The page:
So far, over the last eight months, tens of millions have asked that on TikTok and other apps. The single racked up 13.5-million views on YouTube and close to 3 million on Instagram before he was even signed and the song officially released. On TikTok, the memes came in a flurry and never stopped: women paste on fake mustaches, hoist white cups and imitate his every head bob. Men case their homes swapping out family photos and replacing them with BoyBoy printouts to see if their families will notice. Parents paint BoyBoy eyebrows on their infants.
But unlike Lil Nas X, a veteran Tweetdeck-er and social media gadfly well before “Old Town Road,“ BoyBoy has barely used the vehicle for his stardom.
“I’ve never even been on the app,” he said of TikTok. TikTok isn’t an app, per se. It lets users create ad hoc 15-second music videos and spread clips to friends and followers. But in an era when virality is the fastest way to a fan base, it’s serving as an A&R resource for labels eagerly hunting for new streaming hits.
“Bottoms Up” didn’t come out of nowhere. BoyBoy had a (very) small independent rap career, which he financed by bartending at the local Chumash casino and a few Santa Barbara spots. He grew up on the wrong side of a rich town, precariously hanging on in a city better known as “a retirement town or a vacation place where Oprah lives,” as he put it.
“I kind of came from a broken home. My mom would be in homeless shelters, there was a time when she was on drugs,” he said. “I started getting incarcerated around 14. But even when I was locked up with crazy criminals, I always had this state of mind, like I still knew who I was.”
His 2018 debut mixtape “Playboy Gangsta” had a cameo from the well-regarded singer Tory Lanez, but his gruff baritone flow leaned closer to the gangsta styles he grew up on. Nothing suggested this kind of breakout until he became an internet phenomenon.
No one, least of all BoyBoy, expects him to be a generational act like Kendrick Lamar. But Diplo and Charlie Puth gave him nods of approval (the former booked time with him, even though BoyBoy admitted “I didn’t know who he was until the car ride there. They had to show me on Instagram that he’s famous. I was just so in my own bubble.”).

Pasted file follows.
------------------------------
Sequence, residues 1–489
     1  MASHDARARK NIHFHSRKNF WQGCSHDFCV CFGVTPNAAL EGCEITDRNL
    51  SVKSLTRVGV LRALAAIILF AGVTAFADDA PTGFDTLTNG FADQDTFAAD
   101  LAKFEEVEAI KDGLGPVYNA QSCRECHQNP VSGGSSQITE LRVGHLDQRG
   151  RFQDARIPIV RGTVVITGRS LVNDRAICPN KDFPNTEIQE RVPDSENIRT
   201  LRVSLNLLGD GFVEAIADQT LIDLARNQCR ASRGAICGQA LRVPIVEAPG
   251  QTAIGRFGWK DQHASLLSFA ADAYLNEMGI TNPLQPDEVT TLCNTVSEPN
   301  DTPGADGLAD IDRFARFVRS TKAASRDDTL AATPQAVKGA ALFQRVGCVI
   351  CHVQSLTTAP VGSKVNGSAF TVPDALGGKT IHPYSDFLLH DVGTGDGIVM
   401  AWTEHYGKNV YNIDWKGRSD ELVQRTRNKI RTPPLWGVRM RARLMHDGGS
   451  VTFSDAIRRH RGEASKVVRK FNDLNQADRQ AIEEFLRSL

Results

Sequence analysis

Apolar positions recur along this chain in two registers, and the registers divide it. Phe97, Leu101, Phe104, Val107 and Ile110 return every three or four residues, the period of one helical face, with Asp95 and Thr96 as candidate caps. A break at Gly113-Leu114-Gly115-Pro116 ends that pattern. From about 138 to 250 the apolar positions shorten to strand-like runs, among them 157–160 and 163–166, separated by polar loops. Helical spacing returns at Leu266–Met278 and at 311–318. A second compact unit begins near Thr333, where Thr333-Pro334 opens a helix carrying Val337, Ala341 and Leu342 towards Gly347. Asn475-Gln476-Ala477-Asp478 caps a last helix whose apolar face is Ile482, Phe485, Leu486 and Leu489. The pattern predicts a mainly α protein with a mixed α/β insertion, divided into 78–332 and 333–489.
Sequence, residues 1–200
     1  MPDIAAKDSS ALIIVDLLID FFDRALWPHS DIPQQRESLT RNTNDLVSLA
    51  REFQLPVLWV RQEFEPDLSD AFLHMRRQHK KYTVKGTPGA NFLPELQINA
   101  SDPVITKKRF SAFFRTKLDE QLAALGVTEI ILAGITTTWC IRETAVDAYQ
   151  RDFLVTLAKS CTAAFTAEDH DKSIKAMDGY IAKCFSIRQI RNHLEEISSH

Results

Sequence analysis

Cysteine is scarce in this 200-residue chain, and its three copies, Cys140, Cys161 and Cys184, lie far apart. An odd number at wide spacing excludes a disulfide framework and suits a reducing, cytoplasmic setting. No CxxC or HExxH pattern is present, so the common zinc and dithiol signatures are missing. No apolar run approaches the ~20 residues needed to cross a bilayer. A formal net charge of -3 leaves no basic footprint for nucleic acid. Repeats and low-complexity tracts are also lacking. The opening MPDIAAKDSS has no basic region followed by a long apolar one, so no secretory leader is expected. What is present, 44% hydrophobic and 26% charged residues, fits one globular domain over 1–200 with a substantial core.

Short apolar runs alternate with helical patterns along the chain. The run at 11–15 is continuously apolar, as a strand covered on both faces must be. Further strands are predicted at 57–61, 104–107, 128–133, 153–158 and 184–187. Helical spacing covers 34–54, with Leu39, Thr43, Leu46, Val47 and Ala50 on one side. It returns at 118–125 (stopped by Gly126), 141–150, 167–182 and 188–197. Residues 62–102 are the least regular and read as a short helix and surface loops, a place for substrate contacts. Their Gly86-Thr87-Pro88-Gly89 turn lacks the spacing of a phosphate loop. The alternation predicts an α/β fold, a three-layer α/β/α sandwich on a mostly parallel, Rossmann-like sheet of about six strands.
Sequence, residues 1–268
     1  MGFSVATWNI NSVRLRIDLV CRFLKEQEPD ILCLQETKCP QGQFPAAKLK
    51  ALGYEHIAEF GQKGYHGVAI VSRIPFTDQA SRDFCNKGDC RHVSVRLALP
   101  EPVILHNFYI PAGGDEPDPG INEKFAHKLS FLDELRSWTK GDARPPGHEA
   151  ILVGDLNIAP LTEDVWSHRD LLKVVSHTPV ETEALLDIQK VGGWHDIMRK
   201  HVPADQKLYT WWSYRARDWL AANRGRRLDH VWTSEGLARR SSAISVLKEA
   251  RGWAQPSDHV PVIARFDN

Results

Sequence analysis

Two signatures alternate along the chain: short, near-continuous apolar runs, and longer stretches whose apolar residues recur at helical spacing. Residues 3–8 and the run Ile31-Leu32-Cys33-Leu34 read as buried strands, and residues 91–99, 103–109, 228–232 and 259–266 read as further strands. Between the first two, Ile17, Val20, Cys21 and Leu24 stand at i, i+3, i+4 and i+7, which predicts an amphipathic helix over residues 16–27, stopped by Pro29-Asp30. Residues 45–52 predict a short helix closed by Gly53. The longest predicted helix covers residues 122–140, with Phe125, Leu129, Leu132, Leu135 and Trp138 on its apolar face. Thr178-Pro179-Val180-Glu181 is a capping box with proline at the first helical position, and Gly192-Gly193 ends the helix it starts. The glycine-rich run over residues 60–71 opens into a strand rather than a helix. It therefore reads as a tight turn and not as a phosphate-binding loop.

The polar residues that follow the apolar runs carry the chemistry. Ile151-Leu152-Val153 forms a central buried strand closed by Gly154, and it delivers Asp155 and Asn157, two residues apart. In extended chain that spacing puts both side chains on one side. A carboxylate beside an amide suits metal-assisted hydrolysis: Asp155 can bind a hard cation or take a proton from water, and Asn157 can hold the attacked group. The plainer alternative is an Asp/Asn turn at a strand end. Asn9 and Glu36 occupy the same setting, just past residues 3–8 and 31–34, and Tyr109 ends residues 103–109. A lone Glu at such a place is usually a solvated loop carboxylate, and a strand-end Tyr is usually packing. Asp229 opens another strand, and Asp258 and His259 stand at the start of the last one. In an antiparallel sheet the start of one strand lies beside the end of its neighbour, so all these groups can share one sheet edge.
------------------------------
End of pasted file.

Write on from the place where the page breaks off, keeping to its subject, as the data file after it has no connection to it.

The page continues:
In March, just before “Bottoms Up”’s official release, the hip magazine Fader called it “powerful magic … my favorite song of 2019 and it isn’t even out yet.” His interview with the lyrics site Genius is one of its most-viewed clips of all time. Republic, the major-label home of Taylor Swift, The Weeknd and some of the biggest acts in music, saw enough high-spirited fun and charisma there to sign him almost immediately.
BoyBoy is working on new music; he’s recutting his rough-edged follow-up album to move closer to the pop sound of “Bottoms Up.” Who knows if “Bottoms Up” is the first in a streak of strange West Coast party-rap brilliance, or if it’s like a night at BoyBoy’s old casino job, where someone pulls a slot machine and wins huge.
Either way, as fans mug with him outside the Dream hotel, for now, he’s guaranteed to get noticed but not letting it get to his head.
“I’m still living off my casino money,” he said. “I haven’t even bought a bed yet. My aunt said to get a Beemer, Benz or Bentley and I was like ‘I’m not paying the maintenance on that’.”